A traveller to the distinctly unfriendly Texas town of Crockett (which bills itself as The Cleanest, Friendliest City in Texas) fell victim to an unfriendly ban on sex toys.
For some reason the guy was targeted by county police, who asked if they could search his hotel room. The man, apparently being under the impression that he'd committed no crime, consented to the search.
They found a laptop bag containing 11 sex toys -- so they promptly busted him under Texas' Obscene Device Law which states, A person who possesses six or more obscene devices or identical or similar obscene articles is presumed to possess them
with intent to promote the same.
Now, many people are under the impression that the legality of sex toys in Texas was settled back in February of 2008, when a US appeals court ruled that a ban on sex toys was unconstitutional. However, the promotion of obscene devices would
remain illegal in 20 counties.
So while Alabama is now the only state with an official prohibition on selling or possessing sex toys, those planning to travel to Texas with their dildos or strokers might want to limit the selection they bring.
An era of adult television has come to an and, according to a story in the Los Angeles Times , which reported that the Time-Warner owned, pay cable network HBO has spent the summer, quietly and without fanfare, removing its once-prodigious
library of erotic documentaries and entertainment programs from the network and the HBO streaming platforms, HBO Go and HBO Now.
Since the 1990s, HBO has produced and broadcast such series as the influential Real Sex , the Las Vegas brothel reality series Cathouse , and recurring instructional sex specials hosted by adult performer Katie Morgan.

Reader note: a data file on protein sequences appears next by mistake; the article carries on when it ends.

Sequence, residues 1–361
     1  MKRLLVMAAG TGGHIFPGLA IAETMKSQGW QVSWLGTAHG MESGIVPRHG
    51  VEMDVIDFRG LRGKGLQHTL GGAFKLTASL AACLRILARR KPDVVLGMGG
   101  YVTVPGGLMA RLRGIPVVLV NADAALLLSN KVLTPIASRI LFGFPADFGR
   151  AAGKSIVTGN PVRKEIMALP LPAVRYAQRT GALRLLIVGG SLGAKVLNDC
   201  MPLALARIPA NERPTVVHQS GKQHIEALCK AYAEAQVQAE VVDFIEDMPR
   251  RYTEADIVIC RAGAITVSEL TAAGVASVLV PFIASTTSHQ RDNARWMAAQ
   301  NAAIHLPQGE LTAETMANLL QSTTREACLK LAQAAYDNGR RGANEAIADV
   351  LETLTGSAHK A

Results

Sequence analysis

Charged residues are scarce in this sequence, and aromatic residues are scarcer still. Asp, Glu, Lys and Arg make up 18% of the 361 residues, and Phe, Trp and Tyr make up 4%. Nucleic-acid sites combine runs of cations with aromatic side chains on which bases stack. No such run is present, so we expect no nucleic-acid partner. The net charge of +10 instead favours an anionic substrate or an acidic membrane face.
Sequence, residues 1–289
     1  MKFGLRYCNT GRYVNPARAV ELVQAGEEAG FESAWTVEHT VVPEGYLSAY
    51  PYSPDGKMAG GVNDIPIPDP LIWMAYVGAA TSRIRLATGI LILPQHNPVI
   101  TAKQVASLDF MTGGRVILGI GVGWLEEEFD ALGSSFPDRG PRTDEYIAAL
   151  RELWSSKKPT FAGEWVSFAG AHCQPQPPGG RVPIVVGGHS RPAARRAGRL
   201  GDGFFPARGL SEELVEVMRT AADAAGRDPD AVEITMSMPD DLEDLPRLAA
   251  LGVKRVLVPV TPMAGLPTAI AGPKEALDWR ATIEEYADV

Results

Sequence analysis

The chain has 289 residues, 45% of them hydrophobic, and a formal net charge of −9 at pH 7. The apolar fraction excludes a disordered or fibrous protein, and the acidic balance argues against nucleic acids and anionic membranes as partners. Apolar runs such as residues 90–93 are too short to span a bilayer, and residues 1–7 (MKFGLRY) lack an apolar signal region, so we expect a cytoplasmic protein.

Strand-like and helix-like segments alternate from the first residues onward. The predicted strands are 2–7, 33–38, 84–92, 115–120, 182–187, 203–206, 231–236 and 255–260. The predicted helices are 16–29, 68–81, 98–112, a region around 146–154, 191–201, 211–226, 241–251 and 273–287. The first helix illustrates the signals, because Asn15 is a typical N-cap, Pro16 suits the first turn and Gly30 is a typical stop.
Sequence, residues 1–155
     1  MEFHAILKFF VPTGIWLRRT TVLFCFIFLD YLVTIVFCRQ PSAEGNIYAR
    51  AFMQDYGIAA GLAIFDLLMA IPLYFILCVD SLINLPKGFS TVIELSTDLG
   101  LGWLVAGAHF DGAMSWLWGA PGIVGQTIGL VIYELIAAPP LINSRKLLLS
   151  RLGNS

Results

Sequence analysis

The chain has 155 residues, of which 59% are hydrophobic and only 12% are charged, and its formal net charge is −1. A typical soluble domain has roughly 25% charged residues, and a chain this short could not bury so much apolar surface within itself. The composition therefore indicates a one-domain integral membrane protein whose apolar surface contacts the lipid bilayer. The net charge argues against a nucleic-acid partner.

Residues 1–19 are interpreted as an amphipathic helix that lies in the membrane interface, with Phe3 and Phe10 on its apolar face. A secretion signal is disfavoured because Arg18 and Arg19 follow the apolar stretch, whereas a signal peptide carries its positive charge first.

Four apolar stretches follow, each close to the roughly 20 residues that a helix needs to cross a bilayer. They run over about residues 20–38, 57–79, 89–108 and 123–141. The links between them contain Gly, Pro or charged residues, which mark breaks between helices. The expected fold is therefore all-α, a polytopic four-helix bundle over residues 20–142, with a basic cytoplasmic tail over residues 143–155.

But HBO has not produced new adult late night programs for several years, and now the network will no longer offer repeats or archived shows from its adult category either.
While HBO's new owner, the telecom giant AT&T, informed HBO employees earlier this year that it planned big changes for the network, the elimination of HBO's erotic fare, network execs told the Times , was not mandated by AT&T and in fact
began well before the telecom conglomerate took over. The reason that HBO is ditching their late night lineup, according to what one spokesperson told the Times , is simply that HBO viewers have lost interest, most likely due to the proliferation
of adult content online.
US moralists always want more. The Parents Television Council writes:
The Parents Television Council applauds HBO and its corporate parent, AT&T, for removing the pornographic content from its platform -- but urges AT&T to make the same move by removing X-rated pornographic content from DirecTV. PTC
President Tim Winter whinged:
AT&T's HBO made a wise decision to remove pornographic content, even citing that 'there wasn't strong demand for this kind of adult programming.' While that is a huge positive step forward, the same logic should also extend to AT&T-owned
DirecTV, which still offers hardcore pornographic content to subscribers.
How can a company that says it is built on responsibility continue to deliver and profit from pornography? How much does DirecTV porn really increase the earnings per share? Is this a reasonable tradeoff for a so-called responsible company?
Given that AT&T's CEO Randall Stephenson was the 36th National President of the Boy Scouts, it's hard to reconcile that role with the DirecTV pornographic lineup. Are the explicit pornographic titles on DirecTV about grandmothers, mothers,
or stepsisters what he wants his scouts to be thinking of?